Frankenstein and Blade Runner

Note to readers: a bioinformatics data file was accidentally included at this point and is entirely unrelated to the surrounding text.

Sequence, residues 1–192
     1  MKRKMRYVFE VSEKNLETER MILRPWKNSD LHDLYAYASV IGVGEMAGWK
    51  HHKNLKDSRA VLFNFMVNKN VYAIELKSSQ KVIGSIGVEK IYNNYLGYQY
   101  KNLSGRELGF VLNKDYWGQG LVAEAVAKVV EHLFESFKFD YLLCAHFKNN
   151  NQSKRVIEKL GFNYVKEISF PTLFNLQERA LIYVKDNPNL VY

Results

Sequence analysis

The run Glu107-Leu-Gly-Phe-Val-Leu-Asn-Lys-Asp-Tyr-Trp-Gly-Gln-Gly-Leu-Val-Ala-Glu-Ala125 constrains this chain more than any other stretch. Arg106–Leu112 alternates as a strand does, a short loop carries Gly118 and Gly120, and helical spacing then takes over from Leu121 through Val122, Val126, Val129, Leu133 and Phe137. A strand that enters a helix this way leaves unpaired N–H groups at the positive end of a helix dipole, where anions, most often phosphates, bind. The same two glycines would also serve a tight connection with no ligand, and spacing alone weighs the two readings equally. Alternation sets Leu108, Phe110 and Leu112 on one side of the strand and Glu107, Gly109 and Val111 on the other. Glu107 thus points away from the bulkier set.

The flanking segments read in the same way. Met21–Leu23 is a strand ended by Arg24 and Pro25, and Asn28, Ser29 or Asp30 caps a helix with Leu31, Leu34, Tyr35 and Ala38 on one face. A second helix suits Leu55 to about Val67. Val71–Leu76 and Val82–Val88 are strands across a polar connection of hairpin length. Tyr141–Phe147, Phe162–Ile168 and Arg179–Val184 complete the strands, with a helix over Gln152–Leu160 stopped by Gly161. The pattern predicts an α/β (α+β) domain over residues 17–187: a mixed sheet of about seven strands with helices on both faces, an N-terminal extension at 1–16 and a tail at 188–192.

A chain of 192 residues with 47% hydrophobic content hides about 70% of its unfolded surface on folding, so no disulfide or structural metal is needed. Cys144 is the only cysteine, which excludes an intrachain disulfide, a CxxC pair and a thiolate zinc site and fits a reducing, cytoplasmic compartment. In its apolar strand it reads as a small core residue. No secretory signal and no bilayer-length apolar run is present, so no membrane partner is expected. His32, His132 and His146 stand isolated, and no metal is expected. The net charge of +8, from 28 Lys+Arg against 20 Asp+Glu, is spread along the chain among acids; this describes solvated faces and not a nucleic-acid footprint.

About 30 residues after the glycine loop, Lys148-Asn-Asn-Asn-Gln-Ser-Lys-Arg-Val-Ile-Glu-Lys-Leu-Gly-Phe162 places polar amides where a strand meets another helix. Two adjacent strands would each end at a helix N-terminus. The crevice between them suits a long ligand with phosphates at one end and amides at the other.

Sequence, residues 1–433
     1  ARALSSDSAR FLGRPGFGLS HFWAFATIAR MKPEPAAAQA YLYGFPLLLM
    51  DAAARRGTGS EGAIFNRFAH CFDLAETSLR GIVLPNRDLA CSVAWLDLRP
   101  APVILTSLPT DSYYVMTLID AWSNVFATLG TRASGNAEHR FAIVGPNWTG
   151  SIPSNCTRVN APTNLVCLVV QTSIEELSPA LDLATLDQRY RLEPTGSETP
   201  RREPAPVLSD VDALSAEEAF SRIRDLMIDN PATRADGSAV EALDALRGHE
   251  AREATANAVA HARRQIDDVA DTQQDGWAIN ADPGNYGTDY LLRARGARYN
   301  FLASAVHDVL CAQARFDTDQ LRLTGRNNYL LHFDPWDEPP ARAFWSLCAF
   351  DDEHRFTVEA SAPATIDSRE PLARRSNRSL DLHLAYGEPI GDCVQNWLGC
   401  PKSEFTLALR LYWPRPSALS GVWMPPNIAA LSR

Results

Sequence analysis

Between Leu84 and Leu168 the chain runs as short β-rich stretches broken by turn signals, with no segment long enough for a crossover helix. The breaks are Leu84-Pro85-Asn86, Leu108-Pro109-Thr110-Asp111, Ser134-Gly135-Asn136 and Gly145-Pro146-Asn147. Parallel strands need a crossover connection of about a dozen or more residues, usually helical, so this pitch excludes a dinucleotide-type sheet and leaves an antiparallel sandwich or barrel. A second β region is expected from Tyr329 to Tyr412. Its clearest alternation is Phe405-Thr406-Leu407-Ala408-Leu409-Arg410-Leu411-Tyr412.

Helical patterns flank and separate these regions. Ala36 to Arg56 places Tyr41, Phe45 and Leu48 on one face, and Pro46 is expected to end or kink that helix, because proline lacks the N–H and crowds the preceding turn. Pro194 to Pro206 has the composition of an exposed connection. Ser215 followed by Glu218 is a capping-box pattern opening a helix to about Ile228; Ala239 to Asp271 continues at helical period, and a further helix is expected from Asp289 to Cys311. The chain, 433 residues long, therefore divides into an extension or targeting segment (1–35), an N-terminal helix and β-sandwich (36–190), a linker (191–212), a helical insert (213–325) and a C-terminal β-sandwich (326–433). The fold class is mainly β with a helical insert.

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How does a comparative study of Frankenstein and Blade Runner bring to the fore ideas about the consequences of the desire for control? Both ‘Frankenstein’ By Mary Shelley (1818) and ‘Blade Runner’ composed by Ridley Scott (1992) express the concerns of the dire consequences that come as a result of the need for control. These texts were heavily influenced by the rapid growth of technology although reflecting different eras. They highlight the dangers of excessive ambition and the threats to the natural world from different perspectives. Both Mary Shelley and Ridley Scott warn of the negative impacts that can come of the need for excessive ambition and control. Shelley composed ‘Frankenstein’ at the time of the Industrial Revolution, witnessing the growth of technology. Through the novel Shelley demonstrates the consequences of personal glory and fame explored through the parallel characters of Walton and Victor. who are blinded by their dreams of glory. Walton’s quest for fame on his expedition to the North Pole threatens the lives of those in his crew. Similarly, Victor whose obsessive desire to challenge the laws of nature through the creation of another life leads to a life of disaster and depression. The consequences of excessive ambition is expressed through Victor’s advice to Walton: “Learn from me, if not by my precepts at least by my example, how dangerous the acquirement of knowledge.” Although it is clear that Victor did not learn from these mistakes in his message to the crew: “Do not return to your families with the stigma of disgrace on your brows. Return as heroes who have fought and conquered, and who do not know what it is to turn their backs on the foe” Victor never learnt to walk away from the ambition no matter what consequences were to come. Shelley presents the men, striving for purely selfish goals which are inherently flawed and ultimately doomed. This clearly reflected the influence of the writings of Rousseau and her father Godwin who...